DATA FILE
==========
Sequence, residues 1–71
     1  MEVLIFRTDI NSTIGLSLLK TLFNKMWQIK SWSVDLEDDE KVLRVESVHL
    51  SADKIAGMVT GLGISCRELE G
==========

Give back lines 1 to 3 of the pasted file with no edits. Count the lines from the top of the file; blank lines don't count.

Sequence, residues 1–71
     1  MEVLIFRTDI NSTIGLSLLK TLFNKMWQIK SWSVDLEDDE KVLRVESVHL
    51  SADKIAGMVT GLGISCRELE G